Understanding Katrina


HDS 2822

Professor M. Christian Green

Harvard Divinity School 

Fall 2006

Mondays and Wednesdays, 10:00-11:30 (plus hour to be arranged)

Andover Hall, Room 102


This course will examine the theological, ethical, practical and political problems presented by Hurricane Katrina in the summer of 2005 and its effects on the city of New Orleans and the Mississippi Gulf Coast.  Underneath over-arching theological themes of invisibility, marginalization, otherness, suffering, resilience, transformation, and hope, we will examine the effects of Katrina—with particular attention to issues of race, class, gender, poverty, health, environment, labor, diaspora, senses of place and home, and the theological and political requirements for relief and recovery.  Theological readings will draw heavily from womanist and liberation theologies and from narrative accounts of theodicy, suffering and evil. The practical theological focus will incorporate literary, artistic, cultural, social, economic, and political dimensions of these problems.  This course should be of interest to students with practical, political, and pastoral interests in helping communities recovering from natural disaster, war, and other instances of violence and disruption.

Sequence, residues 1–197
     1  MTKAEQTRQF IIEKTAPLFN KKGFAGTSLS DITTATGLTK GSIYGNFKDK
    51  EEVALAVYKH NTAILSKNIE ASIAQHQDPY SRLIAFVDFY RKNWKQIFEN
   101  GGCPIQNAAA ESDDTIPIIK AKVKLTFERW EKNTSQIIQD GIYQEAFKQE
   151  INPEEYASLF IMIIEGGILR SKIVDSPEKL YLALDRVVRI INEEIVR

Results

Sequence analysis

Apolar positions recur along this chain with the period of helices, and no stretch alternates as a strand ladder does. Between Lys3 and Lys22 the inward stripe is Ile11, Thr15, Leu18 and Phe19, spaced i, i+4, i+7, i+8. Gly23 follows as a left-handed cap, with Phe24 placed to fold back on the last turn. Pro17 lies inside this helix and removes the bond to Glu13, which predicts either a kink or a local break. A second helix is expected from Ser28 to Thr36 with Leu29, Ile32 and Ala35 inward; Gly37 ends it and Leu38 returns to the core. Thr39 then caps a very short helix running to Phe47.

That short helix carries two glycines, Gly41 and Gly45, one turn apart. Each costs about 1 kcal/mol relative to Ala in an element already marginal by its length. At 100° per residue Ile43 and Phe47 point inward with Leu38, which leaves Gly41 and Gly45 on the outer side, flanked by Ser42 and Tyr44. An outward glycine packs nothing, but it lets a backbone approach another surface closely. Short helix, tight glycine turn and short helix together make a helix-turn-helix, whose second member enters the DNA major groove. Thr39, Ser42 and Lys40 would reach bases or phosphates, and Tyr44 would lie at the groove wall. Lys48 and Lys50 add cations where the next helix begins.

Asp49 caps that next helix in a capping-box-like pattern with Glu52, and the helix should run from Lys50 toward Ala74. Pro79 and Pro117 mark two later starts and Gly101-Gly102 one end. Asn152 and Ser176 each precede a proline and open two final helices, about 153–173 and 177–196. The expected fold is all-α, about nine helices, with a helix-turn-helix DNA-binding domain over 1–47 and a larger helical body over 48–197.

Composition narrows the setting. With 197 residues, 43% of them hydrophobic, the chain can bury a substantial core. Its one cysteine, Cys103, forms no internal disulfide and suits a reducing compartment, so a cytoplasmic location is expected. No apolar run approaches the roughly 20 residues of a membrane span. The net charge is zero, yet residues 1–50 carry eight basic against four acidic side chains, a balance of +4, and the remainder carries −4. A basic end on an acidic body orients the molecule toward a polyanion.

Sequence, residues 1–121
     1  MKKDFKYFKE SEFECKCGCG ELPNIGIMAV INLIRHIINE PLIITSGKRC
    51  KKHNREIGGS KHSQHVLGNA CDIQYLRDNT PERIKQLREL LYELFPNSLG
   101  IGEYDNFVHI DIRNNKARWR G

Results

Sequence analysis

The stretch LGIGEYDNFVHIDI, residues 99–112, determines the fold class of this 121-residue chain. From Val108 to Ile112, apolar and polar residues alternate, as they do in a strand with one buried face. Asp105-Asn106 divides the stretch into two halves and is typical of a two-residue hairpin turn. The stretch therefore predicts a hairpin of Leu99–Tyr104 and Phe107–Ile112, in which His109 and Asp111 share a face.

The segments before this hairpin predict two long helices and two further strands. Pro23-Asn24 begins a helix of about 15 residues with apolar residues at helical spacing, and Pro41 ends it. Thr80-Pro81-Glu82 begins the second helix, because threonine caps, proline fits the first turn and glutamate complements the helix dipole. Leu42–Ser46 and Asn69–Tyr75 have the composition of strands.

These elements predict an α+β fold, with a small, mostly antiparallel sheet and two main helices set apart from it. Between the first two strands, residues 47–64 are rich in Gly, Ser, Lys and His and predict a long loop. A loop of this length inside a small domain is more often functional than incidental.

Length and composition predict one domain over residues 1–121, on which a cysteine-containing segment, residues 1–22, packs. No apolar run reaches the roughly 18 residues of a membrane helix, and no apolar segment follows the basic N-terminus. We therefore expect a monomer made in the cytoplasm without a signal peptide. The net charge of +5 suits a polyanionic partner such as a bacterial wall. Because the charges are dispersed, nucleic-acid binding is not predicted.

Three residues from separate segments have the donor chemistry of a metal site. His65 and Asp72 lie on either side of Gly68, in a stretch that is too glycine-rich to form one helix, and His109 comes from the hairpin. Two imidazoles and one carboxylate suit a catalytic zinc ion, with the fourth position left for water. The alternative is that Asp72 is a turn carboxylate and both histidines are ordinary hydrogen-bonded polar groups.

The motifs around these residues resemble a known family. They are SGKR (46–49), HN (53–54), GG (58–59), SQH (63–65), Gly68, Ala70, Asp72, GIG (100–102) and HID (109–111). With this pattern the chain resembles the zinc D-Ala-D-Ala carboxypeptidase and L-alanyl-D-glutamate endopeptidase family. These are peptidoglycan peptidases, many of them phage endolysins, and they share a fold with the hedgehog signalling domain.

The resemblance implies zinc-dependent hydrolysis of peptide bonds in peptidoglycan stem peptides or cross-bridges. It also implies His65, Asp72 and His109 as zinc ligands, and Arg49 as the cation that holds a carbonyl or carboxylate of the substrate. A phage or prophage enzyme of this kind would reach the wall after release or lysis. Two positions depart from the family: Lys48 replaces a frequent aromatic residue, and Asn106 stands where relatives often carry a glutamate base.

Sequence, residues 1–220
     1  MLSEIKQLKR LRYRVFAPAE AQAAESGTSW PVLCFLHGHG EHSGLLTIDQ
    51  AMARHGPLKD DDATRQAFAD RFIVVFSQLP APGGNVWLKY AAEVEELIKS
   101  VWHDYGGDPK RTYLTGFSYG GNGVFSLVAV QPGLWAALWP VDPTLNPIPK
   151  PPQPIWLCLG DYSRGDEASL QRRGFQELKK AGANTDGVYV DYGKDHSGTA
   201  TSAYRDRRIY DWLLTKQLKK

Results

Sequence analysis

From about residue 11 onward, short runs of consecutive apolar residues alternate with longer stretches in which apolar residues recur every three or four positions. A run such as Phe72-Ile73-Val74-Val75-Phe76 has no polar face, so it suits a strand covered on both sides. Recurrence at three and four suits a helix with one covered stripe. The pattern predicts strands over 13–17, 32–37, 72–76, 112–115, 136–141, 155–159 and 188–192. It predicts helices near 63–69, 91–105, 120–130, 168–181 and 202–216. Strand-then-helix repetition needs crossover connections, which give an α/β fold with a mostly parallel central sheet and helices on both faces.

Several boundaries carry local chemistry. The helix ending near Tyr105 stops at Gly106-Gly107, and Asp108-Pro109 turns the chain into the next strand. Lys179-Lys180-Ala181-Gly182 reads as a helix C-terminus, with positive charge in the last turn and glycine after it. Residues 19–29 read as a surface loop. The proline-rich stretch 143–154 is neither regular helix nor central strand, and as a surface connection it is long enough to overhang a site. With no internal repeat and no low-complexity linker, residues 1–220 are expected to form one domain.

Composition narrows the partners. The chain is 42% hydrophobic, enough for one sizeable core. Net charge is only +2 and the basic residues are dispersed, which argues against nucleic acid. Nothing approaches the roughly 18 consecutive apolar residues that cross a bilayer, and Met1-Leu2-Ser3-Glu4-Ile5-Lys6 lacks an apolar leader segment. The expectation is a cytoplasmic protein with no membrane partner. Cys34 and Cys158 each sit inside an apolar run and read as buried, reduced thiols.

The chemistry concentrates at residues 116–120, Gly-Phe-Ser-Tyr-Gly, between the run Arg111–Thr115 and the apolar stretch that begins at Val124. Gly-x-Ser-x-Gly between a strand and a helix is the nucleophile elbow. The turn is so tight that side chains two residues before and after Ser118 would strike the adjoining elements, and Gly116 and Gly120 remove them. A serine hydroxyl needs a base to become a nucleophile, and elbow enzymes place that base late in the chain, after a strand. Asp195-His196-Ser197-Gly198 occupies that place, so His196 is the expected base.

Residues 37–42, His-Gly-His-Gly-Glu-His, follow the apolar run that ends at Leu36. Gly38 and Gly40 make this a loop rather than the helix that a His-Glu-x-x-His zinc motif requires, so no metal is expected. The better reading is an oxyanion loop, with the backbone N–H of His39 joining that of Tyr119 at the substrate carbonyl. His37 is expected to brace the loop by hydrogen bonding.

Week 1—Introduction

September 18Introduction: Images and Response


  • A optional packet of opinions, editorials, and short essays on the Katrina—then and one-year later—will be a brown enveloped outside of Professor Green’s office for students to photocopy and read at their discretion.  A list of these articles will also be posted on the home page of the course website for students who wish to seek them online through Lexis/Nexis or similar search vehicle.

September 20—A Public Theologian Speaks Out: Toward a Prophetic Theodicy

Short Video:

  • “Katrina: Racial Lessons Lost?,” Interview with Michael Eric Dyson on MSNBC


  • Dyson, Come Hell or High Water, esp. chs. 1-3, 10
  • Williams, “Like a Hurricane,” in Enough, pp. 168-87
  • Lavelle and Feagin, “Hurricane Katrina: The Race and Class Debate”

 Week 2—Race, Class, Poverty and Disaster in America: Historical Perspectives

September 25—The Great Mississippi Flood of 1927 and Gulf Coast Racial Diversity Yesterday and Today